Your ears are quite closely connected to your circulatory system: Two main arteries are very close to the ears and additionally the little blood vessels inside them. This is one reason why people with high blood pressure often suffer from tinnitus, the pulsing they’re hearing is ultimately their own blood pumping. (That’s why this kind of tinnitus is called pulsatile tinnitus; it’s your own pulse your hearing.) But high blood pressure could also possibly be the cause of physical damage to your ears which is the leading theory behind why it would quicken hearing loss. Each beat has more force if your heart is pumping harder. That could potentially injure the smaller blood arteries inside your ears. Through medical intervention and changes in lifestyle, high blood pressure can be managed. But if you believe you’re experiencing hearing loss even if you think you’re too young for the age-related stuff, it’s a good decision to speak with a hearing specialist.
Chances of dementia might be higher with loss of hearing. A six year study, begun in 2013 that analyzed 2,000 people in their 70’s found that the risk of cognitive impairment increased by 24% with just minimal loss of hearing (about 25 dB, or slightly louder than a whisper). A 2011 study by the same research group which analyzed subjects over more than a decade found that the worse a subject’s hearing was, the more probably it was that they would develop dementia. (Alzheimer’s was also found to have a similar connection, even though it was less significant.) Based on these findings, moderate hearing loss puts you at 3 times the risk of someone who doesn’t have loss of hearing; severe hearing loss raises the risk by 4 times.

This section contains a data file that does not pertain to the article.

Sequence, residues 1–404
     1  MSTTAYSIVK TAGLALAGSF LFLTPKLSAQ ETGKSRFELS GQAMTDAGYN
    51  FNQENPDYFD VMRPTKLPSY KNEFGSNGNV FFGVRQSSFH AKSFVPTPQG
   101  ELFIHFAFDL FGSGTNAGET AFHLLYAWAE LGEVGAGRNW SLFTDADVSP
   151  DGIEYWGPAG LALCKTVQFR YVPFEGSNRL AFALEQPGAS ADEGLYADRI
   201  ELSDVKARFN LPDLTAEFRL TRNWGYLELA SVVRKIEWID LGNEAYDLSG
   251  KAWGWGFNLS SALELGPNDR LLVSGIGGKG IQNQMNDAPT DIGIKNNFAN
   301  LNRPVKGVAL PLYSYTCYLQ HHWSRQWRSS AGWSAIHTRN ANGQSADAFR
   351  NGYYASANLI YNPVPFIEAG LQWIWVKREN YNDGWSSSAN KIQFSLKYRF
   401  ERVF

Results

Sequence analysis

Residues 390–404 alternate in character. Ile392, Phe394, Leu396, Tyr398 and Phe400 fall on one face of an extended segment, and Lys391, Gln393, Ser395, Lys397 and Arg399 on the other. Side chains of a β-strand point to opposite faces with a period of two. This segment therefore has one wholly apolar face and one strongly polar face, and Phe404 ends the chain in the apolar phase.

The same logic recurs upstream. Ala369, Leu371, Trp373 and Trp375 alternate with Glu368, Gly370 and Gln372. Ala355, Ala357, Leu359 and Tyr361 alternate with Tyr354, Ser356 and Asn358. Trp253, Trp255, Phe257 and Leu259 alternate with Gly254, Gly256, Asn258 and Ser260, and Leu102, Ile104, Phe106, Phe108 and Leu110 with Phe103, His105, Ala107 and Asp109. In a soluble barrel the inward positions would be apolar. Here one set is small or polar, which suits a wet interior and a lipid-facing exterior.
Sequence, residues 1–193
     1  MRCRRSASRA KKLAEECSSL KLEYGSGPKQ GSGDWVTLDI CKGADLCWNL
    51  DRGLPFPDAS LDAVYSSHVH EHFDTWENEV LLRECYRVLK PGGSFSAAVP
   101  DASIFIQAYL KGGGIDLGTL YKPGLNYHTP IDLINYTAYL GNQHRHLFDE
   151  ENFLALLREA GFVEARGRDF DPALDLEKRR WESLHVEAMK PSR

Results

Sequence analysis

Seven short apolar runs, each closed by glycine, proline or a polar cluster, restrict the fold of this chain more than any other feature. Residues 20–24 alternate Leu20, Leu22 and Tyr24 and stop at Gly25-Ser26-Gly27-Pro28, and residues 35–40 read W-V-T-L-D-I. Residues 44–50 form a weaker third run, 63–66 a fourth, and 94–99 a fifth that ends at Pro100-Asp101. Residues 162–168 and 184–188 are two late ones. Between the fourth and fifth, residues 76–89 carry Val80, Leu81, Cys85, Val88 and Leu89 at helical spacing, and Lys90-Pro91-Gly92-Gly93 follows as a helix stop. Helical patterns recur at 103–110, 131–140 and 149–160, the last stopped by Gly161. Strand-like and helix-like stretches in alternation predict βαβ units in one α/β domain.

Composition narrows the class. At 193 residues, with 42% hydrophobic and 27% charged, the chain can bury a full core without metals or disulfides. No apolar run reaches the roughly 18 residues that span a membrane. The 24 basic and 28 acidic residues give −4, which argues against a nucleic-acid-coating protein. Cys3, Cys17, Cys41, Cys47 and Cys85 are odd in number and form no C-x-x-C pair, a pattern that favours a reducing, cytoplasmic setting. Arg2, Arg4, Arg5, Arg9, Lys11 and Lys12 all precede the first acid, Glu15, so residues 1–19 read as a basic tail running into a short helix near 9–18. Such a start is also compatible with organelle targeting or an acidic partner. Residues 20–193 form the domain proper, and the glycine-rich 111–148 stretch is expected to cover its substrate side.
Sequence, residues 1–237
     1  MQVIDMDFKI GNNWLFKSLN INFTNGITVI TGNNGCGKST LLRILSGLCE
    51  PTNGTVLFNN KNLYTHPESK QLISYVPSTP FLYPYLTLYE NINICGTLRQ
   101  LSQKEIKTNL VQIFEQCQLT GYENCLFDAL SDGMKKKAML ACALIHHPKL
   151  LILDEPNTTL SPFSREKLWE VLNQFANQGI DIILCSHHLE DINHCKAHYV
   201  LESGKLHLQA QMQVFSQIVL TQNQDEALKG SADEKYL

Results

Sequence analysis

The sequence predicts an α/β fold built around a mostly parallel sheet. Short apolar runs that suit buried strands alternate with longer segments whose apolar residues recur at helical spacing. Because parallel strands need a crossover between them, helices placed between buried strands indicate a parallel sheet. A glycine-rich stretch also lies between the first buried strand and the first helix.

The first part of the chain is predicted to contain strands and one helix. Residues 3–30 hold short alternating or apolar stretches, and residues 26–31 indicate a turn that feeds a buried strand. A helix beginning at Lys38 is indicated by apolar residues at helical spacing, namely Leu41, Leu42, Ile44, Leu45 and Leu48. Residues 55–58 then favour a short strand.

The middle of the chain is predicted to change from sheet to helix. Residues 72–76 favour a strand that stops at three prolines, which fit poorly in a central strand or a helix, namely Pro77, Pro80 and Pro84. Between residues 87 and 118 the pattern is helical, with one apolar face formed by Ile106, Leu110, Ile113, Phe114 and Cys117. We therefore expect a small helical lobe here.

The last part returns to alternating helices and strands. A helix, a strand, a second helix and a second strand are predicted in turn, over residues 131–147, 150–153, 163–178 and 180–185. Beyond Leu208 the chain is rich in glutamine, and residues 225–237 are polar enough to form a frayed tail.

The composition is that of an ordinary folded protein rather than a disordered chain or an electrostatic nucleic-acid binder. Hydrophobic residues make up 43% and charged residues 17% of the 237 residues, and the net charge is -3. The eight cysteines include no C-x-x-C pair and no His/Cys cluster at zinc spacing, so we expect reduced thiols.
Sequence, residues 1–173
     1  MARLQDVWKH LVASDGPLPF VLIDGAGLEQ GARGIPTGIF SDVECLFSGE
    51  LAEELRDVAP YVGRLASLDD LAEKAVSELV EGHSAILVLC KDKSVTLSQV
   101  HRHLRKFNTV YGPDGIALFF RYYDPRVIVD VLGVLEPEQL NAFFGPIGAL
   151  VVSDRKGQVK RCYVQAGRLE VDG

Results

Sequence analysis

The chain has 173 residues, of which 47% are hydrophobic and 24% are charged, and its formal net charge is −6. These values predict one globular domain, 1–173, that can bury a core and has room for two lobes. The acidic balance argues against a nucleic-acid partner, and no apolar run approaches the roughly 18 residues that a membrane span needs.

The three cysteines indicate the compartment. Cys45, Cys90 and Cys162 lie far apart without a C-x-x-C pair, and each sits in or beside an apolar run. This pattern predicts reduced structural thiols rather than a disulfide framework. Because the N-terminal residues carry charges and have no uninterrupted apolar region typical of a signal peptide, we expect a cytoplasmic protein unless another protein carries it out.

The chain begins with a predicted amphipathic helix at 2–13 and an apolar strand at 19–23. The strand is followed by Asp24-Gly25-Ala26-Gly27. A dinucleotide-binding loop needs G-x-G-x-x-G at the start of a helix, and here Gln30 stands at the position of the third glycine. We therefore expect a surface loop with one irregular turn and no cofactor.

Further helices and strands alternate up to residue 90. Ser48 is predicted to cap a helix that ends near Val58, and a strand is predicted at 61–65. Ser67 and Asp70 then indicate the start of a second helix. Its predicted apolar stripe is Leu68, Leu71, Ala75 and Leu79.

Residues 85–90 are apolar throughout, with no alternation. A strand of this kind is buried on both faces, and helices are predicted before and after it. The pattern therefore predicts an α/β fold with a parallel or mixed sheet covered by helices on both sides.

But, even though researchers have been able to document the connection between loss of hearing and cognitive decline, they still aren’t positive as to why this occurs. A common hypothesis is that having problems hearing can cause people to avoid social interactions, and that social isolation and lack of mental stimulation can be debilitating. Another hypothesis is that hearing loss overloads your brain. In essence, trying to hear sounds around you fatigues your brain so you may not have much juice left for remembering things like where you put your medication. Maintaining social ties and keeping the brain active and challenged could help here, but so can treating hearing loss. Social situations become much more confusing when you are struggling to hear what people are saying. So if you are coping with loss of hearing, you should put a plan of action in place including getting a hearing test.